A mHUB engine must be configured for a processing mode.
The Matching mode is used for finding matching records in one or two data sources.
When one data source is used, matching records are identified within the source. This is primarily for data cleansing purposes, for removing duplicate contacts from a master table for example.
When two data sources are used, matching records that intersect two sources of data are identified. For example, identifying contacts to be suppressed from a mailing, for updating contacts' details, or for merging new contacts into a master table. Matching records are not identified within each table, but they can be removed beforehand if necessary (for example, when merging new contacts from an update table into a master table, duplicate contacts can first be removed from the update table, then the cleaned update table overlapped with the master table; these two steps would need to be done separately, using either a single mHUB engine or two chained engines).
The outputted results from the Matching mode is configurable. There are five output types, and any combination of at least one type can be specified. Each result is prefixed with a two-letter code that identifies the type of result:
- MP - matching pairs: two matching records, plus the score for each level they match at;
- GP - grouped matching pairs: as per a matching pair, plus the group that contains it pair;
- MG - matching groups: a single record, plus the group that contains it;
- DE - deduped data: a copy of the input data minus all duplicate records (retaining the master/best record in each group);
- DU - duplicate data: all duplicate records from the input data.
Note that all DE and DU results, added together, give the original input data.
Most mHUB applications will typically enable the MG (matching groups) output type. Each matching group is output, in turn, and each record (always two or more) in each matching group is output. One record will be identified as the master, or best, record.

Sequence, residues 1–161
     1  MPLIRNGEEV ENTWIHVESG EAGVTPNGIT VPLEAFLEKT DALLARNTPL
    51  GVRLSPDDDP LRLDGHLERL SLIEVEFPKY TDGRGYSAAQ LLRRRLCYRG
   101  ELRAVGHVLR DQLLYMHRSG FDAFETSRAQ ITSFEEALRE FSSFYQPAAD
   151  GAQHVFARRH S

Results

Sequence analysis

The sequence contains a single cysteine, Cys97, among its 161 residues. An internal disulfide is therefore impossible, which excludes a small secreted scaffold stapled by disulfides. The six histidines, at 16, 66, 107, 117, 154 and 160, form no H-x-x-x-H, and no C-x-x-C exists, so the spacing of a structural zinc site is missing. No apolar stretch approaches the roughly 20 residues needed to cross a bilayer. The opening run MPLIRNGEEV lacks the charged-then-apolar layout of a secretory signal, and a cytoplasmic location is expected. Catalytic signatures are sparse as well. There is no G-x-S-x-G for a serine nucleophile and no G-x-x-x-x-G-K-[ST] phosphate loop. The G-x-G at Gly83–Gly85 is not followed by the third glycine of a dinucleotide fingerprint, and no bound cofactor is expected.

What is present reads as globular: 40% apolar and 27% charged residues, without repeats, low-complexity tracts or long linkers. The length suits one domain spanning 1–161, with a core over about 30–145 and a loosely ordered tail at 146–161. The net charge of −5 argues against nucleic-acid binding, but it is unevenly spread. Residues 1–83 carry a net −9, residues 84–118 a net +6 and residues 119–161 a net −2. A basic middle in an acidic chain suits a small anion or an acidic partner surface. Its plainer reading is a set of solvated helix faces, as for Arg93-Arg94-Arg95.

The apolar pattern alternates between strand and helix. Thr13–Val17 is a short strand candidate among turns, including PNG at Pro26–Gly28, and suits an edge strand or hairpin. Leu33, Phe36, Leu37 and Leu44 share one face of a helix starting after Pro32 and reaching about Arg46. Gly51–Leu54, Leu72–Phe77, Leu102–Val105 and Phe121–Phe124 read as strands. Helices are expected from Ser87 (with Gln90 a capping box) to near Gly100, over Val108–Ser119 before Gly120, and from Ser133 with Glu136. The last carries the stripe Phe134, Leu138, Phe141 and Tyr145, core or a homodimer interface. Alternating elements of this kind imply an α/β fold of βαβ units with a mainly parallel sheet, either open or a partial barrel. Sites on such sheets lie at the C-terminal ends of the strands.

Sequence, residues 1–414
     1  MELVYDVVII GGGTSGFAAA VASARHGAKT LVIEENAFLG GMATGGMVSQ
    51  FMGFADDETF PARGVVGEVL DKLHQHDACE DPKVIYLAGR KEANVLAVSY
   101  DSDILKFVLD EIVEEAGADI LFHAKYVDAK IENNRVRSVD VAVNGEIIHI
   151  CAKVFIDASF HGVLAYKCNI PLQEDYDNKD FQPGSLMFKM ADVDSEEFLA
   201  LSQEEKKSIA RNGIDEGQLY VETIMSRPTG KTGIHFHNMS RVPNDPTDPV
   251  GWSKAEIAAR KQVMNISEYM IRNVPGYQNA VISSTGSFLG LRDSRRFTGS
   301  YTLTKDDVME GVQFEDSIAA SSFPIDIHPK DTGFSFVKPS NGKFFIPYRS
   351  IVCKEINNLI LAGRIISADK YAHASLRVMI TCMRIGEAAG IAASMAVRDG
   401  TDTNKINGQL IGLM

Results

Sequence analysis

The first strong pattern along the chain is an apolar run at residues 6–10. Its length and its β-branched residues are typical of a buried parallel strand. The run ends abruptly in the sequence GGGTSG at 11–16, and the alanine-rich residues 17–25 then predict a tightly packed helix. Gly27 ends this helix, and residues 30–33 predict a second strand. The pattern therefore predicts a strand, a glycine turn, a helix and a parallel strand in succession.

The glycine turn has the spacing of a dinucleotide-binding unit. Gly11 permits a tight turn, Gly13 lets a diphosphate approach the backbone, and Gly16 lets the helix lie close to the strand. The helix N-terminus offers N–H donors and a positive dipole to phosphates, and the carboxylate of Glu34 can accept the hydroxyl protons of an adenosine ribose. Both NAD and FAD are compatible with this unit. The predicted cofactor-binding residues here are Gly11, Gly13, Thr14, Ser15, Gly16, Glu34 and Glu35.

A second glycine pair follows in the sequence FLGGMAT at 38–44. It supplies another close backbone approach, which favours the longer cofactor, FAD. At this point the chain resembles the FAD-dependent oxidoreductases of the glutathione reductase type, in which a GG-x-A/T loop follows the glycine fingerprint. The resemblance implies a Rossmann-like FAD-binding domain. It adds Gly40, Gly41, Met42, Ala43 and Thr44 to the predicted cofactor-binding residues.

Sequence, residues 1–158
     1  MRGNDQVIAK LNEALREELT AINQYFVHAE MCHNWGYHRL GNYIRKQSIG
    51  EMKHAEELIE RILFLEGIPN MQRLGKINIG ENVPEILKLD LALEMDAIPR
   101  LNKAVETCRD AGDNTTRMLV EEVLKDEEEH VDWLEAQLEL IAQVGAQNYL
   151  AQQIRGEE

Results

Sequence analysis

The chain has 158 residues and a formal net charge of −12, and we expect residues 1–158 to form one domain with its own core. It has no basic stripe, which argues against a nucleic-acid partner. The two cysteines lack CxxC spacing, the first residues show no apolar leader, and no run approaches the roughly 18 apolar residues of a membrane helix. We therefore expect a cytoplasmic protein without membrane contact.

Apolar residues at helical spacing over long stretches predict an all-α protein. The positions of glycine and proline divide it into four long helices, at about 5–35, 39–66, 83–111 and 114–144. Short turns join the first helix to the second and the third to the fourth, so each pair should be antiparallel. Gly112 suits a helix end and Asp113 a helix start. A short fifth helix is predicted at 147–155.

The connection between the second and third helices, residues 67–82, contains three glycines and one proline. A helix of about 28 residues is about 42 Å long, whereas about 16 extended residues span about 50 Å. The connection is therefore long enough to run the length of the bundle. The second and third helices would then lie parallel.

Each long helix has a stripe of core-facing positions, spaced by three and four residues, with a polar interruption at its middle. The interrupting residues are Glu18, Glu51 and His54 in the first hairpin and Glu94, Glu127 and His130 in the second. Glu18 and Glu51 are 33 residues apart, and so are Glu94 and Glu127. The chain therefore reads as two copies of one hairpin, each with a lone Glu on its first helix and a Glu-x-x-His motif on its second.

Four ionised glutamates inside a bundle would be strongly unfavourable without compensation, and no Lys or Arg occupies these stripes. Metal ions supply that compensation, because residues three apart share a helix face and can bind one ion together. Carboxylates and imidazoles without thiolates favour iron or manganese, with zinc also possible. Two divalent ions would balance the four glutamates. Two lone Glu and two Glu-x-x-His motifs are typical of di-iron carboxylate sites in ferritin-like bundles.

The Lookup processing mode is primarily intended for use in online duplicate prevention applications, in which reference data is searched for candidate records that match the lookup data (e.g. a single record).
When a mHUB engine is configured for Lookup, two data sources must be specified. The first data source (table 1) contains the reference data. Once loaded, the engine retains this in memory and waits for lookup requests.
When a new lookup is to be made, the data is added to the second data source (table 2). Fundamentally, the underlying process performs an overlap, finding the intersection of the two tables (i.e. the reference data and the single added record). Any results are returned to the caller.
Multiple lookups can be performed concurrently by separate threads - for example, within a web server that processes simultaneous lookup requests from multiple users. When a lookup is added to table 2, the calling thread is associated with that lookup; when the same thread retrieves the results from the engine, only the results that correspond to the lookup are actually returned.
The Normalization processing mode outputs a normalized copy of all input data. Normalization processes include:
- casing (for example, "mr john smith" becomes "Mr John Smith");
- standardization (such as trimming of redundant whitespace and correctly formatting postcodes/ZIPs);
- extraction of name elements (including prefixes, firstnames, lastnames, suffixes, and qualifications);
- determination of gender (male, female, or either);
- generation of salutations (for example, "Dear Mr Smith");
- extraction of address elements (including premises, towns/cities, and postcodes/ZIPs);
- splitting of email addresses into usernames and domains.
Full control over the output fields is available. Any combination of fields can be output (all fields, several fields, or even a single field), including a copy of the input data. Phonetic match keys can also be output, for advanced matching and diagnostic purposes.
Alternatively, if no output fields have been configured, then mHUB will automatically determine which fields to output depending on the type of data that's input to the engine. In this case, the engine will output a header row that precedes all output data, to indicate which fields are being output and for dynamically creating a destination table in a database prior to importing the normalized data.
In addition, data can be modified as it's output. This can be achieved via simple replacements; for example replacing "Apartment" in address lines with "Apt", or replacing "USD" with "$" in a custom field.